subset of every set. If `A` is a subset of `B` and `A != B`, then we write `A sub B` and say that `A` is a
proper subset of `B`. Notice how the `sub` and `sube` symbols resemble the `<` and `<=` symbols.
The negated forms of these symbols are `!sub` and `!sube`.
A superset of a set `B` is another set `A` such that `B sube A`. We can write `A supe B` to denote this. If `A` is a superset of `B` and `A != B`, we say `A` is a proper superset of `B`, and we write `A sup B`. The negated forms are `!sup` and `!supe`.
Definition of union
The union of two sets `A` and `B` is a set `C` such that:
`(AA x in C)(x in A or X in B)`
This definition says that the union of `A` and `B` contains all of the elements that exist in either `A` or `B`
(or both). The union of `A` and `B` is written `A uu B` (read "`A` union `B`"). Union is commutative,
associative, and distributive.
Definition of intersection
The intersection of two sets `A` and `B` is a set `C` such that:
`(AA x in C)(x in A and x in B)`
This definition says that the intersection of `A` and `B` contains all the elements that exist in both `A` and
`B`. The intersection of `A` and `B` is written `A nn B` (read "`A` intersect `B`"). Intersection is commutative,
associative, and distributive.
Definition of set difference
The difference of two sets `A` and `B` is a set `C` such that:
`(AA x in C)(x in A and x !in B)`
This definition says that the difference of `A` and `B` contains all elements that exist in `A` but not in `B`.
The difference of `A` and `B` is written `AB` (read "`A` minus `B`").
Definition of set complement
The complement of a set `A` is equal to `UUA`, where `UU` is the universe of discourse. The complement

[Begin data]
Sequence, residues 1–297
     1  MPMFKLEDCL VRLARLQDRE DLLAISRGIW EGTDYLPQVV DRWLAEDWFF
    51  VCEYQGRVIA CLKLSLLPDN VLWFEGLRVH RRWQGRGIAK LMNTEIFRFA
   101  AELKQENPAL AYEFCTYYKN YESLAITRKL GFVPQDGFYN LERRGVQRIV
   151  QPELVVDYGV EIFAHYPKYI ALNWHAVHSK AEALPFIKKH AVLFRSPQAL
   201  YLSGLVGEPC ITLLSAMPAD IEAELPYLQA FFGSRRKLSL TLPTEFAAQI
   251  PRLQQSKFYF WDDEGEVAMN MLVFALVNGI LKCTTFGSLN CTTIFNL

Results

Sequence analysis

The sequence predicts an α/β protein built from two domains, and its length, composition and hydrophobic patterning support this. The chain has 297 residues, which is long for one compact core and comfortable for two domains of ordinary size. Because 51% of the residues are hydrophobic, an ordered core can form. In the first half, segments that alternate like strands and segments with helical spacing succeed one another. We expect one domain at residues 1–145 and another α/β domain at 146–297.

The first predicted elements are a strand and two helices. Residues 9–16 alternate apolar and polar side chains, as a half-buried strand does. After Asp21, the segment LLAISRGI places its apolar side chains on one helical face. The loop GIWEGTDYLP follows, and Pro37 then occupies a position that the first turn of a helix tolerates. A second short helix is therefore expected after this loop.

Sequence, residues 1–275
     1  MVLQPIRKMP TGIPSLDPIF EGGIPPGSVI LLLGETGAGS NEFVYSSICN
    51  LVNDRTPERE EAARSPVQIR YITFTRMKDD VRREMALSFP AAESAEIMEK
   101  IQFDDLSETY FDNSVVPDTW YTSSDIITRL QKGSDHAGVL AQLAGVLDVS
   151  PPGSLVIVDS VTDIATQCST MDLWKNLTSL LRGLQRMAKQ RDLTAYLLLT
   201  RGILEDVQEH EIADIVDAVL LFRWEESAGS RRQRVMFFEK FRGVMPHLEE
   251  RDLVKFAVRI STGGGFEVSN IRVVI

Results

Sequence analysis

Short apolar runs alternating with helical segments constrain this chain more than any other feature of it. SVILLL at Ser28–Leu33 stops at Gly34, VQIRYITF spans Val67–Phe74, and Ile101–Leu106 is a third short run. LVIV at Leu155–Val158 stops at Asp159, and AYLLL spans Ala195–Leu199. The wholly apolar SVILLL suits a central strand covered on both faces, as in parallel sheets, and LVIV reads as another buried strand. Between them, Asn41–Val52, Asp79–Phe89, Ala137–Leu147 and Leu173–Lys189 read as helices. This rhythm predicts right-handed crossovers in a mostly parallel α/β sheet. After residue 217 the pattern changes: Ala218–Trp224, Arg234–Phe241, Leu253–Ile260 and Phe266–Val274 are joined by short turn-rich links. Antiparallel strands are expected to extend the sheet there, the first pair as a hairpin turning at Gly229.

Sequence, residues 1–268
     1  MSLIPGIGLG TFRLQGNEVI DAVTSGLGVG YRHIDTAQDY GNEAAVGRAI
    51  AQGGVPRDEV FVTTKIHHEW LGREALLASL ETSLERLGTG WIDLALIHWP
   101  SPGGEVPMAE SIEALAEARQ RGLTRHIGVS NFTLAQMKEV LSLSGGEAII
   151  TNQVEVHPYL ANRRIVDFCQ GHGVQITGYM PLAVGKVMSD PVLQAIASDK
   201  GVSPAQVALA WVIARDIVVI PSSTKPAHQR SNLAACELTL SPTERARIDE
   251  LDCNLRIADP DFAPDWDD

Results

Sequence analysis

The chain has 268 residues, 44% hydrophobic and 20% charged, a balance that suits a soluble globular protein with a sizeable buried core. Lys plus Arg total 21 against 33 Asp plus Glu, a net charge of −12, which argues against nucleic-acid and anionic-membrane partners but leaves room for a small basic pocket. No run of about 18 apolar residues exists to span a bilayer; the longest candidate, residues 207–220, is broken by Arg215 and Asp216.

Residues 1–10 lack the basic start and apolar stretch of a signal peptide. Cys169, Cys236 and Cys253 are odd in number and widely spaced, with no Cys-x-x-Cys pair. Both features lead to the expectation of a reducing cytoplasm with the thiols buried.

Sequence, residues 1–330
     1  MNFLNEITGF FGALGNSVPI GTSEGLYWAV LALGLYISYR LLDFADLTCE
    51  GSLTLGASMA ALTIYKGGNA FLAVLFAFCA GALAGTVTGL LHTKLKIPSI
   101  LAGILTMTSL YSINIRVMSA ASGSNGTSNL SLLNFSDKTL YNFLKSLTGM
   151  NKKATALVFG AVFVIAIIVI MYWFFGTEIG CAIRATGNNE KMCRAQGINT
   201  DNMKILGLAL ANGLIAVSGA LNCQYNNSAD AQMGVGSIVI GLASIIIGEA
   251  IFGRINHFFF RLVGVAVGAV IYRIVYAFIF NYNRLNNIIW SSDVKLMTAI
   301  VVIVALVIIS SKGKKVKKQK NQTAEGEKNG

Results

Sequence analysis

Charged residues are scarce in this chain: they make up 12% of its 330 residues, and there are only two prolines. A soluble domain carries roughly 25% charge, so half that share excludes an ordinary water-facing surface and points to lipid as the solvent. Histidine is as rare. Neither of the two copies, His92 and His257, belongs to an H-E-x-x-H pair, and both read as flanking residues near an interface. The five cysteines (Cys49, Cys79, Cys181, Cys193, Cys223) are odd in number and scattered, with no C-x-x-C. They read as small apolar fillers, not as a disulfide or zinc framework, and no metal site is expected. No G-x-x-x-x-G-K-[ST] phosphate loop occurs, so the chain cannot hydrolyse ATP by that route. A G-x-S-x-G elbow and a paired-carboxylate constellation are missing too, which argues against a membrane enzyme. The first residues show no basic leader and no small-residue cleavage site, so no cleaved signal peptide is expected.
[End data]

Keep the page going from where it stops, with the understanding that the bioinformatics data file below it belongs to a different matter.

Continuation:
of `A` is written `A'`. So if `x in A` then `x !in A'`, and vice versa.
Because the set complement operation depends on the universe of discourse, it is only
meaningful if a universe has been defined (or can be assumed).
Definition of power set
Given a set `A`, the power set of `A` (written `PS(A)`) is the set containing all subsets of `A`
(including `A` itself):
`PS(A) = {S:S sube A}`
Note that the power set of the empty set is a set containing the empty set (ie, {`O/`}), not the empty set
itself. Power set is distributive over intersection, but not over union.
Definition of cartesian product
The cartesian product of two sets `A` and `B` is a third set containing all possible ordered pairs
`(x,y)` where `x in A` and `y in B`.
`A xx B = {(x,y) : x in A and y in B}`
`A` and `B` are called factors of `A xx B`. The cartesian product is also known as the cross
product, or simply the product. The cartesian product is not associative or commutative, but
it is distributive.
More generally, the cartesian product of `N` sets `S_1 xx S_2 xx ... xx S_N` is a set containing all possible ordered lists `(c_1, c_2, ..., c_N)` where `c_i in S_i` (ie, `c_1 in S_1, c_2 in S_2`, etc).
Definition of cardinality
The cardinality of a set is the number of elements it contains. The cardinality of a set `A` is
written `A`.
Definition of disjoint
Two sets `A` and `B` are disjoint if they have no elements in comment. That is, if `A nn B = O/`.
Definition of interval
Given `S sube RR`, `S` is an interval if:
`(AA u,v in S)(AA x in RR)(u < x < v => x in S)`
By this definition, `O/` is not an interval, any set containing a single real number is an interval, and
any finite set containing more than one real number is not an interval (because given any two distinct
elements of the set, there would be a real number between them that is not in the set).